Nana had the idea that a good fright might make the child speak, and spent nine years inventing all sorts of desperate strategies for frightening Clara, the end result of which was to immunize the girl forever against terror and surprise. Soon Clara was afraid of nothing. She was unmoved by the sudden appearance of the most livid and undernourished monsters in her room, or by the knock of devils and vampires at her bedroom window. Nana dressed up as a headless pirate, as the executioner of the Tower of London, as a werewolf or a horned devil, depending on her inspiration of the moment and on the ideas she got while flipping through the pages of certain horror magazines, which she bought for this purpose and from which, although she was unable to read, she copied the illustrations. She had acquired the habit of gliding silently through the hallways and jumping at the child in the dark, howling through the doorways, and hiding live animals between her sheet, but none of this elicited so much as a peep from the little girl.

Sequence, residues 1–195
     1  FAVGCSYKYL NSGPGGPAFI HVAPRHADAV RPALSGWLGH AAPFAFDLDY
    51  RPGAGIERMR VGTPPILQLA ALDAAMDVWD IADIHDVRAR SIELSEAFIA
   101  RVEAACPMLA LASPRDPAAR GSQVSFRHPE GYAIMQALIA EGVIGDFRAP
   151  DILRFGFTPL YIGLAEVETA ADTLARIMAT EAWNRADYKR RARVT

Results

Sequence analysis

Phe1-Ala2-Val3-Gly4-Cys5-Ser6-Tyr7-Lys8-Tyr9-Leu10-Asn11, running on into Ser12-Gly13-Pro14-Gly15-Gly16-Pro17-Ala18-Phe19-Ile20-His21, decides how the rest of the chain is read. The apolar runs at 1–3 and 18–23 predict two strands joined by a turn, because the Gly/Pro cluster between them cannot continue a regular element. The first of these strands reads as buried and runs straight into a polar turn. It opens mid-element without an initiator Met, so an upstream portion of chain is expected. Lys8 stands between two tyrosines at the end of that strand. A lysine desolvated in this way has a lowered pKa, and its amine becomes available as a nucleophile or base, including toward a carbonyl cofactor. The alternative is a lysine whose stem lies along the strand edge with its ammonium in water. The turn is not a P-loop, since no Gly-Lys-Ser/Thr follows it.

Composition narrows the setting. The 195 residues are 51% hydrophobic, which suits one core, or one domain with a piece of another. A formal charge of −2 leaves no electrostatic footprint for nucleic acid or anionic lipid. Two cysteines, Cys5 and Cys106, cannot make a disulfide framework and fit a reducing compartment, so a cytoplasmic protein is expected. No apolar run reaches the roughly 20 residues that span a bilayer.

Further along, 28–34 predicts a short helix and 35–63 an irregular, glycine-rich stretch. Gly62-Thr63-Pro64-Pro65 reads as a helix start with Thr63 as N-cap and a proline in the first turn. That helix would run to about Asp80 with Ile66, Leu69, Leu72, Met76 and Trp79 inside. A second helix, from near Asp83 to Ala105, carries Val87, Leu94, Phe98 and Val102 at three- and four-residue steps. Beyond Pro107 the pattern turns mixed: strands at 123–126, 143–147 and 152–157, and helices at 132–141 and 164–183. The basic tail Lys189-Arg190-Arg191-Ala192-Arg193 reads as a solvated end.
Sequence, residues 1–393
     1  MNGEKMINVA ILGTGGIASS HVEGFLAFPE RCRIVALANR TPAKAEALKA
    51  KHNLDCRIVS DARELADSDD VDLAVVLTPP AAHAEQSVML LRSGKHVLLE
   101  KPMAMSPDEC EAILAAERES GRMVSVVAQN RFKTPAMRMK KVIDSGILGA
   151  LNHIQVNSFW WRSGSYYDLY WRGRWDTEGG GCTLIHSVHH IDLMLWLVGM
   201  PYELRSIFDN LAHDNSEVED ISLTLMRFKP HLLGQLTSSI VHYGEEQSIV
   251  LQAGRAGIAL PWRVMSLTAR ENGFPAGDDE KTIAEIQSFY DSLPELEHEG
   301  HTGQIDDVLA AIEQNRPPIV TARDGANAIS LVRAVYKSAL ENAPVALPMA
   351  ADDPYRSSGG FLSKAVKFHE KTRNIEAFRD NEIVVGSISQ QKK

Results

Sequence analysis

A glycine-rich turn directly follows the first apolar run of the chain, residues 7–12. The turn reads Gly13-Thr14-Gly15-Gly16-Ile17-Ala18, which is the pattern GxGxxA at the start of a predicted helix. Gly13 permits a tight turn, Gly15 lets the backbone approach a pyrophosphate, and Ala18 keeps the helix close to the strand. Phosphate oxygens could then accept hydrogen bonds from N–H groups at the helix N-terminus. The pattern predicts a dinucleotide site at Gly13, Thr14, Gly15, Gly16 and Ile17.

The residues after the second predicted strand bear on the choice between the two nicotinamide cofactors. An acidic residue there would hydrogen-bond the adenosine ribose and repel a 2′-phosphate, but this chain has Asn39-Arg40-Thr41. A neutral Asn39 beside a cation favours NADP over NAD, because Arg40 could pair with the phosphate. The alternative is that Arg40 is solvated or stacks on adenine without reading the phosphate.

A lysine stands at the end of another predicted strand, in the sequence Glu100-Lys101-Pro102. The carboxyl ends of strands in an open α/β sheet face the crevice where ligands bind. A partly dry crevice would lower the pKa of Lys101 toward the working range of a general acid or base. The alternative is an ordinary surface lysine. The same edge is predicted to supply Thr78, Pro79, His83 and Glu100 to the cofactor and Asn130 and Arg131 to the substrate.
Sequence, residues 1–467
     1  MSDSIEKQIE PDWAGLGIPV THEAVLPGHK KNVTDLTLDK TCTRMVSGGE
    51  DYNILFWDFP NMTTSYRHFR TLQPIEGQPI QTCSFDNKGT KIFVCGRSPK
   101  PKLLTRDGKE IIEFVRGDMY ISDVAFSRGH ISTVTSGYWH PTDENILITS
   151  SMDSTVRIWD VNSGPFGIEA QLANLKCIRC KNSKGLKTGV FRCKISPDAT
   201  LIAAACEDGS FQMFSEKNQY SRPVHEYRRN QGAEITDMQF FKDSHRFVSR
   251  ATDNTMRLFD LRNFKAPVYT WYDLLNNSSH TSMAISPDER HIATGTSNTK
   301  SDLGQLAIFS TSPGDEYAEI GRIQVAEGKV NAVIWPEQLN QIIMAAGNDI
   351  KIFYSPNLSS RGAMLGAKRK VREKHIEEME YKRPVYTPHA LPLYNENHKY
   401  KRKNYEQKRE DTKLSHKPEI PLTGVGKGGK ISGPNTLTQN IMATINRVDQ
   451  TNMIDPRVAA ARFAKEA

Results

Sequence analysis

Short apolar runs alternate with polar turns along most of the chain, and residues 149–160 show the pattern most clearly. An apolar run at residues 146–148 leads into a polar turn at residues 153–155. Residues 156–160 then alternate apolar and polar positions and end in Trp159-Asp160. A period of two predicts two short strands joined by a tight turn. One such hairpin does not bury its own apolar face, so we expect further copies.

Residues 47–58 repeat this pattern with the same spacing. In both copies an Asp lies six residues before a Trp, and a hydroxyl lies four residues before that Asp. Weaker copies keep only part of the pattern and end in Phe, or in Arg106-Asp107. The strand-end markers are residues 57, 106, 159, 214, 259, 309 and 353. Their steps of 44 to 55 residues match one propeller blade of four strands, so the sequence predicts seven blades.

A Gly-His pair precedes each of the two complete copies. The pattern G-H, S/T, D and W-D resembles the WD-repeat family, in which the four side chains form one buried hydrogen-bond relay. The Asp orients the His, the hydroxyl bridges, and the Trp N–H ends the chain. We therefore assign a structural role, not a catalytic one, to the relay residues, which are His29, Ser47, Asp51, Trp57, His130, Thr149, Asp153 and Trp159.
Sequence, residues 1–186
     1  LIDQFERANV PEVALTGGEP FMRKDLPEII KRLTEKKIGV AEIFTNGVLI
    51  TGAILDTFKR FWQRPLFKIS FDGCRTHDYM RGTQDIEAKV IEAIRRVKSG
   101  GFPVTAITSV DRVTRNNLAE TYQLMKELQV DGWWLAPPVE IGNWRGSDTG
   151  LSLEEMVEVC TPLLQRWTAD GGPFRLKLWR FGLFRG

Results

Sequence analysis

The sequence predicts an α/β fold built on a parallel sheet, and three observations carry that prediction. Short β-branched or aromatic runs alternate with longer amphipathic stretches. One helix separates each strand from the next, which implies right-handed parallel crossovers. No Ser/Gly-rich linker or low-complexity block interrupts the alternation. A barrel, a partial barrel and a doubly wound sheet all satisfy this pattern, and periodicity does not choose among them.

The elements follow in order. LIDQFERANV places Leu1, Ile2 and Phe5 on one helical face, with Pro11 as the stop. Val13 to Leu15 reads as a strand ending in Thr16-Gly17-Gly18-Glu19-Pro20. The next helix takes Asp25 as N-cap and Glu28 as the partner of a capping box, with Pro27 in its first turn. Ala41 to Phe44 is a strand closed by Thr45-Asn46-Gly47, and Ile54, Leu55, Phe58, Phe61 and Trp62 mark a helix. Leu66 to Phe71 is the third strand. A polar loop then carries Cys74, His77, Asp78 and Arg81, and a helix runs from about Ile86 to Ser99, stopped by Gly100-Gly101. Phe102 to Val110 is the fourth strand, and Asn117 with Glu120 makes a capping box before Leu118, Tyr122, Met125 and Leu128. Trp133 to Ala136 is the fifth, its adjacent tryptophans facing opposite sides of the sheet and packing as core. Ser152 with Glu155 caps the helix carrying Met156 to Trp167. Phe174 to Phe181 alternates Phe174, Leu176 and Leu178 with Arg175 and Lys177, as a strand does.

It’s just so damn hard to surprise a clairvoyant.
This was my second reading of The House of the Spirits and, if anything, I enjoyed the magical elements of the book much more on this visit.
A re-visit, spending this last week with the Trueba family, who in turn are re-visited by their past, which Allende spins into the narrative with such ease that reading the story of the different generations made me wonder at every turn of the page what happens next, and what happens to this or that character. Throw in the unspecified political and historical context of the story and I was hooked. Again, I think the second read was more engaging for me than the first in this respect, too. I guess, when I read the book for the first time, I was looking for clear-cut references and didn’t appreciate the intention of the book as much, but some of the beauty and sadness of the book lies in the possibility that it may have been the story of many families, not just that of the Truebas.